Because of the look of the costumes, it’s easy to compare VS to Kick-Ass. They may share some similarities, but they are as different as night and day. Both films draw on the ‘real-life superhero movement’ for aesthetic inspiration (hence the similar costumes), and both are a comment on the superhero genre. However, Kick-Ass is a spoof that throws superheroes into our world to send up the inherent ridiculousness of the entire genre (that’s not a slam against Kick-Ass – I happened to like it quite a bit), while VS is a straight superhero tale that draws on the language of horror films to showcase a truly sadistic villain.
And what a great villain to showcase. Veteran James Remar steals the show as Rickshaw, having fun with the role and making it crazy enough to be entertaining but keeping it this side of cartoony (a little over the top is fine – it is a superhero movie). In the Q+A Trost revealed that Remar is an old family friend and did the film as a favor (he liked the script too), which is a good thing for VS; because in the hands of someone the film could afford, I’m not sure the character would have worked.
The tests that Rickshaw puts the heroes through are fantastically evil, and as I mentioned, are very much in the tradition of Saw. There’s also a long tradition of these kinds of traps in comics, particularly the kind that involve difficult decisions that put the heroes’ morals in jeopardy – so the mixing of the two genres works perfectly and is the film’s real genius. Convoluted traps and villains toying with their prey seem completely at home in a superhero film without straining credibility (in fact, the audience expects it), while the dark and gritty horror film trappings tell the viewer that the stakes are much higher than a traditional comic book film and that the body count likely will be as well. This gives the characters’ actions a lot of weight and boosts the dramatic tension much more than you would expect from a film about superheroes.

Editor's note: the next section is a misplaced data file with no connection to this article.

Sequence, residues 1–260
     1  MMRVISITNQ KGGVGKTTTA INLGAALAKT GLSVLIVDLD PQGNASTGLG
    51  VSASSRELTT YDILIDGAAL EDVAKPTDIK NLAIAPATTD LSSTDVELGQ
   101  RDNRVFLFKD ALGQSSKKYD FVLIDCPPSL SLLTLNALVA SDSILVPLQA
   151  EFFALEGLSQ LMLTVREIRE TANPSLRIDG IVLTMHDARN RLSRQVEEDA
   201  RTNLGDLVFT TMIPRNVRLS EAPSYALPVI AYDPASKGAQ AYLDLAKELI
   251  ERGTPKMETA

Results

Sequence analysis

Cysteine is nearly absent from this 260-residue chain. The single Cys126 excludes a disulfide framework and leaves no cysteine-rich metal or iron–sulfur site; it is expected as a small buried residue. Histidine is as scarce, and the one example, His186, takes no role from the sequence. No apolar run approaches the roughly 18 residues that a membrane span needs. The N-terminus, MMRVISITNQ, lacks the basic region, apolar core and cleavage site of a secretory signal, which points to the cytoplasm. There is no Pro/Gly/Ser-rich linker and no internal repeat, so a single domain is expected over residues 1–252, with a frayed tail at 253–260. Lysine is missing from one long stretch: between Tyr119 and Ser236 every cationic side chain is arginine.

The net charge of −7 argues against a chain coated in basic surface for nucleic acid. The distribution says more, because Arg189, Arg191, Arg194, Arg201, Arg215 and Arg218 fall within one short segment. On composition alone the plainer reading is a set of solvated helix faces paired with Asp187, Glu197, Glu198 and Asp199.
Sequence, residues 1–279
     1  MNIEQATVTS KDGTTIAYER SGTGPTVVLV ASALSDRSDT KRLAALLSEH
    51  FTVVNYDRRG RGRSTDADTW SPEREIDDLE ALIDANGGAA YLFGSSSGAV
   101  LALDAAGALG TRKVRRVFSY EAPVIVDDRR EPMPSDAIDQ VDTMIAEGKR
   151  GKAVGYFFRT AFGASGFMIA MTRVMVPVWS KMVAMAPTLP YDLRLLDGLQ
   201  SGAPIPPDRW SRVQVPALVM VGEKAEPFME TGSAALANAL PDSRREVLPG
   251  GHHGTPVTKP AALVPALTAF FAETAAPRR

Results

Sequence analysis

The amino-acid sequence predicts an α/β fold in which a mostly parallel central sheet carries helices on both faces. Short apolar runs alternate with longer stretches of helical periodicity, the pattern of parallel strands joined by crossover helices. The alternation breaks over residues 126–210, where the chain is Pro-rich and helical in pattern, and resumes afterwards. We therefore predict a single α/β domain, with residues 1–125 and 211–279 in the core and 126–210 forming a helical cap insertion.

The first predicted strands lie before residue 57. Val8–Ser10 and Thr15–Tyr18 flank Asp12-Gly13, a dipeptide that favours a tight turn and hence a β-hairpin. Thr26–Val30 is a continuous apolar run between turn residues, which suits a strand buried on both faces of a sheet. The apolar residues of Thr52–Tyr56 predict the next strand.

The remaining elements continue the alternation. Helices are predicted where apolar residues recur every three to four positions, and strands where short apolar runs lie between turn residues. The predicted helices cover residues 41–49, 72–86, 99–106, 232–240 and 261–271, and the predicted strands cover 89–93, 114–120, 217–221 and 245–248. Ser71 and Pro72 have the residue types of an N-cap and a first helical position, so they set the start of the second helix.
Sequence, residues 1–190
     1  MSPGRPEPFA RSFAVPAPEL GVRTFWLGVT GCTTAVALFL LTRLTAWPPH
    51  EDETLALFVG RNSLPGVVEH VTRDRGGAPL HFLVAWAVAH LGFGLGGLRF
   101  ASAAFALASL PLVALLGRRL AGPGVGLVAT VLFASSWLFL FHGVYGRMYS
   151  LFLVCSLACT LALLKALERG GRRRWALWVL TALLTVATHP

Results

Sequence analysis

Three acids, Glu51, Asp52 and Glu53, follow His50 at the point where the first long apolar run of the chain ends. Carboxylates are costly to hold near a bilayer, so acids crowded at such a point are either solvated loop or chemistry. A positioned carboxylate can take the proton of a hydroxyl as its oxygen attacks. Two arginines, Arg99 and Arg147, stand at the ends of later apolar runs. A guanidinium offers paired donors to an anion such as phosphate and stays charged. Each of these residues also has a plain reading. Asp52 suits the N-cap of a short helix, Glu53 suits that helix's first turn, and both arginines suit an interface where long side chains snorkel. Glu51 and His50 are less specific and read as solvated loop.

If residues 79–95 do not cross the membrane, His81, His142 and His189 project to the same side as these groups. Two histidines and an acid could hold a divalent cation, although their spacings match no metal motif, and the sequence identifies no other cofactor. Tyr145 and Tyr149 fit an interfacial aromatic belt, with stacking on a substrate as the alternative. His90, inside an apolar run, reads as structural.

VS’ second moment of genius, and the part of the film that makes it required viewing for any Hollywood director looking to adapt a comic book for the screen, is how Trost deals with the heroes’ backstory. Instead of spending the first half of the film detailing how the characters acquired their powers, and formed their team, VS just cuts to the interesting part of the story (waking up powerless in a town filled with deadly traps) and trusts that the audience is smart enough to fill in the blanks as the story unfolds. Through short flashbacks and character chatter we’re given all we need to know without lots of boring exposition and wasted screen-time. With VS, Trost proves once and for all that it is possible to make an exciting superhero film right out of the gate.
With the low budget Trost wisely wrote out the costly use of superpowers, and relied entirely on practical effects and stunt work. Normally I would have wanted to at least see someone fly or lift up a car in a comic book movie, but the low-fi look really fits with the dark and grimy atmosphere of the film.
Where VS stumbles is in the film’s pacing. Each of the tests is timed, and the heroes must race against the clock to both overcome the challenges and find Rickshaw before the countdown expires and the whole town blows up. That’s a great device to create natural tension, but unfortunately, every time the viewer starts to worry VS shoots itself in the foot by having its characters get into a drawn out conversations and arguments. There were times when I felt like yelling at the screen, “at least walk and talk, you’re all going to die!” I couldn’t help but wonder as the horrible consequences of the countdown unfolded, that it all could have been avoided if the characters hadn’t been so chatty.
VS is recommended for superhero fans, especially those that are ready for a fresh take on the genre. If, like me, you‘re also a fan of horror films, then VS is happily a chocolate and peanut butter situation. It isn’t perfect, but the high points of VS are well worth the lows.
If you play a superhero rpg and want to run a game with the grittiness of the Punisher, but prefer costumes to guns, then VS is the best guidebook you can find. I can totally picture combining the D20 version of Mutants and Masterminds with the list of traps from the Dungeon Master’s Guide to create an adventure very similar to the scenario in the film. Even though the movie doesn’t contain any supernatural elements, I think VS would also work as an introduction to set the tone for a mash-up of Palladium’s Beyond the Supernatural and Heroes Unlimited (I’m not sure if anyone has ever played that – but now that I mention it I kind of want to try it out).